Neural signals in the monkey ventral striatum related to motivation for juice and cocaine rewards

Eric Macdonald Bowman, TG Aigner, BJ Richmond

Research output: Contribution to journalArticlepeer-review

210 Citations (Scopus)


1. The results of neuropsychological, neuropharmacological, and neurophysiological experiments have implicated the ventral striatum in reward-related processes. We designed a task to allow us to separate the effects of sensory, motor, and internal signals so that we could study the correlation between the activity of neurons in the ventral striatum and different motivational states. In this task, a visual stimulus was used to cue the monkeys as to their progress toward earning a reward. The monkeys performed more quickly and with fewer mistakes in the rewarded trials. After analyzing the behavioral results from three monkeys, we recorded from 143 neurons from two of the monkeys while they performed the task with either juice or cocaine reward.

2. In this task the monkey was required to release its grip on a bar when a small visual response cue changed colors from red (the wait signal) to green (the go signal). The duration of the wait signal was varied randomly. The cue became blue whenever the monkey successfully responded to the go signal within 1 s of its appearance. A reward was delivered after the monkey successfully completed one, two, or three trials. The schedules were randomly interleaved. A second visual stimulus that progressively brightened or dimmed signaled to the monkeys their progress toward earning a reward. This discriminative cue allowed the monkeys to judge the proportion of work remaining in the current ratio schedule of reinforcement. Data were collected from three monkeys while they performed this task.

3. The average reaction times became faster and error rates declined as the monkeys progressed toward completing the current schedule of reinforcement and thereby earning a reward, whereas the modal reaction time did not change. As the duration of the wait period before the go signal increased, the monkeys reacted more quickly but their error rates scarcely changed. From these results we infer that the effects of motivation and motor readiness in this task are generated by separate mechanisms rather than by a single mechanism subserving generalized arousal.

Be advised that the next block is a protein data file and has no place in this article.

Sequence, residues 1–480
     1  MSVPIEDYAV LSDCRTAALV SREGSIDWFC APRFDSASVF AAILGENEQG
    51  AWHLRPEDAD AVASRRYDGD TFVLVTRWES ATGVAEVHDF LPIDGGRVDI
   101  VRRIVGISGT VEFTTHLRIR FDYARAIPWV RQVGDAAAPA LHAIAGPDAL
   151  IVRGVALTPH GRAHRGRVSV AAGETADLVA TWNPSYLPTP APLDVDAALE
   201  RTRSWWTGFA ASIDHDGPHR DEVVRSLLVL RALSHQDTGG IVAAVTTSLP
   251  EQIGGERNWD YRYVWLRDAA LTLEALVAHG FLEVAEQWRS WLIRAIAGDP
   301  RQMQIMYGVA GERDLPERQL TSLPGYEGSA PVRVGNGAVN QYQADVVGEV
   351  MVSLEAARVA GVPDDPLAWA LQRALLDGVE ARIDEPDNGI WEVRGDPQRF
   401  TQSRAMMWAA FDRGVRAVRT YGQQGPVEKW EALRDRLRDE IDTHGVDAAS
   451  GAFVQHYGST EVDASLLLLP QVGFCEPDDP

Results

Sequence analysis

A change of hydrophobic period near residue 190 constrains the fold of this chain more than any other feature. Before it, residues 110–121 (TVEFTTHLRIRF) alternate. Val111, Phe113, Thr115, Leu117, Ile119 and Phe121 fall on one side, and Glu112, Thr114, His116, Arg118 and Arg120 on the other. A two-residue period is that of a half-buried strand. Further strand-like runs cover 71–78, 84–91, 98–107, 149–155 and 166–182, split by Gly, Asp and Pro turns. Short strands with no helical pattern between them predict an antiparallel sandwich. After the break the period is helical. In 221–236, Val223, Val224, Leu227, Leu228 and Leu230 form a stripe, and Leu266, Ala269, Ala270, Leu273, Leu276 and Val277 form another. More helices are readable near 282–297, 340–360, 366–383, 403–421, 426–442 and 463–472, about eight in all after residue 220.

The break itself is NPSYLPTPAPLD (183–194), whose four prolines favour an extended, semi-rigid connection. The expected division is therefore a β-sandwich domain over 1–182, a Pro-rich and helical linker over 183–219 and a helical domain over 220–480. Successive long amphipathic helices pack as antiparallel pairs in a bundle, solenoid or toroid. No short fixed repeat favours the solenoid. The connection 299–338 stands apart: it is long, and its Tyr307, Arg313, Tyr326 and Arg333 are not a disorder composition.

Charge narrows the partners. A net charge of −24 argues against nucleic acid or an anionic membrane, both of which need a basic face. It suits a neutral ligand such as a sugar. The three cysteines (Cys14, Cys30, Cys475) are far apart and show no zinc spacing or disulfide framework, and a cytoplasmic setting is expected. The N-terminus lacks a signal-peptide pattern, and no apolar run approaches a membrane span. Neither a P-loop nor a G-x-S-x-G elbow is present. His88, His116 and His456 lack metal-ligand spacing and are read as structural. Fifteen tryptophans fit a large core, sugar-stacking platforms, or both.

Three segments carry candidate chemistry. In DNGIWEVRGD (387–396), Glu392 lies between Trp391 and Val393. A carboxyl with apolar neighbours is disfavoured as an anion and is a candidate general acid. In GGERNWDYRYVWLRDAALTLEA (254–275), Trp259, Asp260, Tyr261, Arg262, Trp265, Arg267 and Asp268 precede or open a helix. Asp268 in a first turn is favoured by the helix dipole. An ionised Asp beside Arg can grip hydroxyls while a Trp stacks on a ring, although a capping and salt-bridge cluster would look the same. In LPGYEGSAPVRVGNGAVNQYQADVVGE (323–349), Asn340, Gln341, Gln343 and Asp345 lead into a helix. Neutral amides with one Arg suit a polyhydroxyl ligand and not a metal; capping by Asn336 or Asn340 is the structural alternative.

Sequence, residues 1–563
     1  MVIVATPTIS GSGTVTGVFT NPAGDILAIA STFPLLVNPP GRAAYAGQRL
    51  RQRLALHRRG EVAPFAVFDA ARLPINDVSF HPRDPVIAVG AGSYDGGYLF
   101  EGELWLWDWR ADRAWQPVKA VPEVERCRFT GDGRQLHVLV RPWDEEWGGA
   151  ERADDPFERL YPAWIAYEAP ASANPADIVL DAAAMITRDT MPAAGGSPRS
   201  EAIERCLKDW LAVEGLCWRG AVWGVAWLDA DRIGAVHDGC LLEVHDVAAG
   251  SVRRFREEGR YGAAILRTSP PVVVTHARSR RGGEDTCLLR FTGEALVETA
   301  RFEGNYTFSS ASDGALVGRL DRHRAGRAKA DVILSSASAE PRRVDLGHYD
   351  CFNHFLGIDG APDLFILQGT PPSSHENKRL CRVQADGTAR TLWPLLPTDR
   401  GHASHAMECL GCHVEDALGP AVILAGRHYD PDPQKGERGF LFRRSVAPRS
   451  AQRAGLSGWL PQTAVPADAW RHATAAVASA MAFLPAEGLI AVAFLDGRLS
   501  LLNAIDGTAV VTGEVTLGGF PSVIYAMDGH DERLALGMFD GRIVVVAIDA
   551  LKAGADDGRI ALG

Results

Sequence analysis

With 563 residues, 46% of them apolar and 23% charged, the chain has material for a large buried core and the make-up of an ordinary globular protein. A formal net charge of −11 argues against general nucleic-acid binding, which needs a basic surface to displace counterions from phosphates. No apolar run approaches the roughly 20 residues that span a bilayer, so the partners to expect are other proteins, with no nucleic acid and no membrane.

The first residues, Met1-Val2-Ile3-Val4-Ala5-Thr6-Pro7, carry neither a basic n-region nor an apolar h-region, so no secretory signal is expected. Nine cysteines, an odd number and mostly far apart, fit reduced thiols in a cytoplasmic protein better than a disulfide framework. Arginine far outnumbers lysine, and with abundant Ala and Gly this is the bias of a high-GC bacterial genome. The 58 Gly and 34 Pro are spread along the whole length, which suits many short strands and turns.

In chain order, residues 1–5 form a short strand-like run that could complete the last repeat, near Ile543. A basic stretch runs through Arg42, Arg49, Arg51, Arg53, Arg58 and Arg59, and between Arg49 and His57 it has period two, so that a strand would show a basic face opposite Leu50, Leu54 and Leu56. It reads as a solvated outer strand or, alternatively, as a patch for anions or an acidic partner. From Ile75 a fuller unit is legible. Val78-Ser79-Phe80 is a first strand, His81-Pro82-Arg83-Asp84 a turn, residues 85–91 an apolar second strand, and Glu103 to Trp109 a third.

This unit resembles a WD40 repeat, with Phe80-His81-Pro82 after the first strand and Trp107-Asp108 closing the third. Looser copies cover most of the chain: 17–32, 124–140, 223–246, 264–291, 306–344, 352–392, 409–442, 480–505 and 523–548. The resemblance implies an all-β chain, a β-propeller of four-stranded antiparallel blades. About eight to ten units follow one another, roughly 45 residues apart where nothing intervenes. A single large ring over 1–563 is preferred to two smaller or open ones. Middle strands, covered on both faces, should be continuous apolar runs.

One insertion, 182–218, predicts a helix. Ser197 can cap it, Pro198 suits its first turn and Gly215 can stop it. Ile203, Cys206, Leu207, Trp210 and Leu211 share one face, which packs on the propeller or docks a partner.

4. The activity of 138 ventral striatal neurons was sampled in two monkeys while they performed the task to earn juice reward. We saw tonic changes in activity throughout the trials, and we saw phasic activity following the reward. The activity of these neurons was markedly different during juice-rewarded trials than during correctly performed trials when no reward was forthcoming (or expected). The responses also were weakly, but significantly, related to the proximity of the reward in the schedules requiring more than one trial.

5. The monkeys worked to obtain intravenous cocaine while we recorded 62 neurons. For 57 of the neurons, we recorded activity while the monkeys worked in blocks of trials during which they self-administered cocaine after blocks during which they worked for juice. Although fewer neurons responded to cocaine than to juice reward (19 vs. 33%), this difference was not significant. The neuronal response properties to cocaine and juice rewards were independent; that is, the responses when one was the reward one failed to predict the response when the other was the reward. In addition, the neuronal activity lost most of its selectivity for rewarded trials, i.e, the activity did not distinguish nearly as well between cocaine and sham rewards as between juice and sham rewards.

6. Our results show that mechanisms by which cocaine acts do not appear to be the same as the ones activated when the monkeys were presented with an oral juice reward. This finding raises the intriguing possibility that the effects of cocaine could be reduced selectively without blocking the effects of many natural rewards.

Original languageEnglish
Pages (from-to)1061-1073
Number of pages13
JournalJournal of Neurophysiology
Publication statusPublished - Mar 1996




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